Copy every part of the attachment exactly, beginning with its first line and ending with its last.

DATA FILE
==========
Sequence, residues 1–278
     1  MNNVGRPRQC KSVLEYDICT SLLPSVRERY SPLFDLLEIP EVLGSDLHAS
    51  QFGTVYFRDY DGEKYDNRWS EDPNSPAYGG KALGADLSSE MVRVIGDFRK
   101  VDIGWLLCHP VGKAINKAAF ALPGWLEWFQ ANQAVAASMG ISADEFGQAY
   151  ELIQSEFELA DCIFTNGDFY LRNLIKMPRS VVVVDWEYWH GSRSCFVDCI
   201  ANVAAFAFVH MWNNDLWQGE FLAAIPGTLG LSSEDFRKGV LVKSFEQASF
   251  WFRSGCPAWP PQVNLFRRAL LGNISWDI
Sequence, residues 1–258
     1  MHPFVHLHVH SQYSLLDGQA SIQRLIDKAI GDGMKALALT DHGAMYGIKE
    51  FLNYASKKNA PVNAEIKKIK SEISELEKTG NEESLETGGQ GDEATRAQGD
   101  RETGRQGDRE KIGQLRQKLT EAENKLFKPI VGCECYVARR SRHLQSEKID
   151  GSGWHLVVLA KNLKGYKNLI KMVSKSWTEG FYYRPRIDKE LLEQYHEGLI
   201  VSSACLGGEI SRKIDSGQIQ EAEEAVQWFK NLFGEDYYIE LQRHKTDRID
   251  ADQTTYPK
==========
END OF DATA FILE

Sequence, residues 1–278
     1  MNNVGRPRQC KSVLEYDICT SLLPSVRERY SPLFDLLEIP EVLGSDLHAS
    51  QFGTVYFRDY DGEKYDNRWS EDPNSPAYGG KALGADLSSE MVRVIGDFRK
   101  VDIGWLLCHP VGKAINKAAF ALPGWLEWFQ ANQAVAASMG ISADEFGQAY
   151  ELIQSEFELA DCIFTNGDFY LRNLIKMPRS VVVVDWEYWH GSRSCFVDCI
   201  ANVAAFAFVH MWNNDLWQGE FLAAIPGTLG LSSEDFRKGV LVKSFEQASF
   251  WFRSGCPAWP PQVNLFRRAL LGNISWDI
Sequence, residues 1–258
     1  MHPFVHLHVH SQYSLLDGQA SIQRLIDKAI GDGMKALALT DHGAMYGIKE
    51  FLNYASKKNA PVNAEIKKIK SEISELEKTG NEESLETGGQ GDEATRAQGD
   101  RETGRQGDRE KIGQLRQKLT EAENKLFKPI VGCECYVARR SRHLQSEKID
   151  GSGWHLVVLA KNLKGYKNLI KMVSKSWTEG FYYRPRIDKE LLEQYHEGLI
   201  VSSACLGGEI SRKIDSGQIQ EAEEAVQWFK NLFGEDYYIE LQRHKTDRID
   251  ADQTTYPK